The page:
The post-workout packet should also be consumed within 30 minutes of your completed workout. According to Blodgett, "there is a 30-minute window post-workout when your muscles are still active and best able to replenish glycogen that has been depleted with carbohydrates, and repair muscles with protein."
This ensures you feel less sore than you would without Revere the day after your workout. It turns out, timing is an important part of the workout fuel process, and a lot of people ignore that.
What Does It Taste Like?
I'm definitely cardio heavy in my workouts. I love cycling and don't really feel like I'm doing work unless my heart is thumping out of my chest and sweat is pouring down my temples. So about 30 minutes before I was scheduled to workout, I mixed my pre-workout cardio formula, which was peach tea flavored, with about 10 oz. of water.
As someone who's tried a lot of supplements, I'm happy to report that the packet tasted like tea, not vitamins. This was super important to Blodgett and her team as well. No one wants to guzzle liquid that tastes like crushed up supplements before hitting a workout.
"Not having that gritty, vitamin taste was so important to us," says Blodgett. The Revere team wanted to make sure the formula tasted refreshing, which they definitely nailed, in my opinion. After all, you should be pumped for your workout heading into it, not grossed out by the mix you have just before.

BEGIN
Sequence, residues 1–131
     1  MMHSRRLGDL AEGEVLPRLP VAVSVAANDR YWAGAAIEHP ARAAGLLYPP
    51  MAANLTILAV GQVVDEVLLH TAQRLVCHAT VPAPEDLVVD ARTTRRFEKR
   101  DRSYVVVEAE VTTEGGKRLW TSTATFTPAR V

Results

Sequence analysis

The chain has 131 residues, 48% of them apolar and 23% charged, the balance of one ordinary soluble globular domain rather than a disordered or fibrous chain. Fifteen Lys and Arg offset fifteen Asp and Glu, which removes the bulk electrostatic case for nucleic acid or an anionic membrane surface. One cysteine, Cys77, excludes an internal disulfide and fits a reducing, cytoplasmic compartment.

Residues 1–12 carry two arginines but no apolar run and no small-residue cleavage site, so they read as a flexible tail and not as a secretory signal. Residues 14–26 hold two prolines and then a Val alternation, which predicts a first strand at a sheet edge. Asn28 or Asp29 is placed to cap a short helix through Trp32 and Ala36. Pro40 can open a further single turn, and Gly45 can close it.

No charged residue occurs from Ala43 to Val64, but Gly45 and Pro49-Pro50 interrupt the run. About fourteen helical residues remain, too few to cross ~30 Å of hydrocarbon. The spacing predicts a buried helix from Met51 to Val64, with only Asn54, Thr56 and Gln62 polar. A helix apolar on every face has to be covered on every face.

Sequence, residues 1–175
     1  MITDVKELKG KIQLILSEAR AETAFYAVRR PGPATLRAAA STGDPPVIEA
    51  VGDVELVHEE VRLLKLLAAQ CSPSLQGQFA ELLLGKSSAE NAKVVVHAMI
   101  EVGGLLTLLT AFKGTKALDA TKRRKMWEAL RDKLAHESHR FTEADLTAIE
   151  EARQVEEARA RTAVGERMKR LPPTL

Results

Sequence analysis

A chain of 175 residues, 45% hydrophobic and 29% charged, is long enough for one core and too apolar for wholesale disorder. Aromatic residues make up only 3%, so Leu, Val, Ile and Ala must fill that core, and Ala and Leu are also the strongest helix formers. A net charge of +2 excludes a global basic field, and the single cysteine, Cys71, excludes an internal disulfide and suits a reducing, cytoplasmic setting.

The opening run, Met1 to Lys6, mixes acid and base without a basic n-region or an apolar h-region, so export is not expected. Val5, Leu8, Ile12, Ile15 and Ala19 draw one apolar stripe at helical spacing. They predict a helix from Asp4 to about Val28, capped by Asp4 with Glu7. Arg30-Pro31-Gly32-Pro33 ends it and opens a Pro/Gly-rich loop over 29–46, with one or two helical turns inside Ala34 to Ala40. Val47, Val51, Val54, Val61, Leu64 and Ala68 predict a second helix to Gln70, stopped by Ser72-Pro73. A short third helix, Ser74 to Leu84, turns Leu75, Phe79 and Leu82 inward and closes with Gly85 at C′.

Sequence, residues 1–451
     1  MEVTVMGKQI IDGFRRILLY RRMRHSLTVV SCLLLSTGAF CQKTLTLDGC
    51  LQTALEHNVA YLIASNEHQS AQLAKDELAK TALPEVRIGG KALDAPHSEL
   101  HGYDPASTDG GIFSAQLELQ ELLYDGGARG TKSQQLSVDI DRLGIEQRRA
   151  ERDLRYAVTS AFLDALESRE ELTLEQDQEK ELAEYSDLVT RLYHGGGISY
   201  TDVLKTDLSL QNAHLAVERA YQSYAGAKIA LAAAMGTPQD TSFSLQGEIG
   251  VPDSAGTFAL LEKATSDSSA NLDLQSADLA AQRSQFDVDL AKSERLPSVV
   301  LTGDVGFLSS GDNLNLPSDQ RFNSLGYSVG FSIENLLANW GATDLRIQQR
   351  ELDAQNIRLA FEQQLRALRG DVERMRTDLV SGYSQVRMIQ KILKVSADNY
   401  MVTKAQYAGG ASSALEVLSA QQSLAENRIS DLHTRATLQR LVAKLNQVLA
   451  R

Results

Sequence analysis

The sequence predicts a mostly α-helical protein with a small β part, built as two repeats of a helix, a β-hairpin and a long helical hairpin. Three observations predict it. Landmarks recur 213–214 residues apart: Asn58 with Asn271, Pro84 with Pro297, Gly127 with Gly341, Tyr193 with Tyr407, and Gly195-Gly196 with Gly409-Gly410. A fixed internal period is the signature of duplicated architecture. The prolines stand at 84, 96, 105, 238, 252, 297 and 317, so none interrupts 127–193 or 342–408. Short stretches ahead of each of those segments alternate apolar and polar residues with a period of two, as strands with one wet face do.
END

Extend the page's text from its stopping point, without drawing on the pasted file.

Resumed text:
I'm still definitely working on getting that whole "runner's high" feeling as I'm sweating my brains out, but I can honestly report I felt energized during my workout from the packets. The sweet potato powder paired with green tea found in the formula naturally caffeinated me before my class, and I definitely felt the effects.
Post-workout, I had the vanilla chai cardio packet, which also tasted as promised. While it wasn't my favorite thing in the world to sip a chai-flavored drink immediately after working out, I trusted the system and took small sips as I waited for the subway home.
The vanilla chai post-workout packet has tart cherry and electrolytes paired with probiotics. It's designed to help your energy even out after the workout, instead of leaving you feeling completely depleted. Due to the energy I had pre-class, I def sweated more than usual, but I wasn't on the brink of passing out on my way home, which is how I usually feel. It also helped the time pass during my commute, since I was occupied with a tasty drink instead of hangrily thinking about what I'd eat when I got in the door.
My final verdict? Revere is such a cool idea, and it gives me peace of mind knowing I'm giving my body what it needs to feel successful about my workout prep, without worrying that I'm costing my body the nutrients it needs by holding off too long to eat anything at all.
Sure, the nutritionist and science-backed formula is amazing, but I was truly comforted by the fact that Blodgett stressed to me that Revere is not a meal-replacement supplement. It's a convenient way to get nutrients into your body during a crucial time when they matter.
"We created Revere to clear that all up, and make it super simple to get exactly what you need to lock in your workouts," says Blodgett. It's simply meant to fill the space between commuting from your workout class and being able to get your hands on a whole-ingredient meal. Not to mention, it's energy- and strength-focused, not weight loss-focused, which is a dangerous misconception this product helps to alleviate.
Anything that makes life easier and keeps me healthy without having to give it a second thought is a win in my book.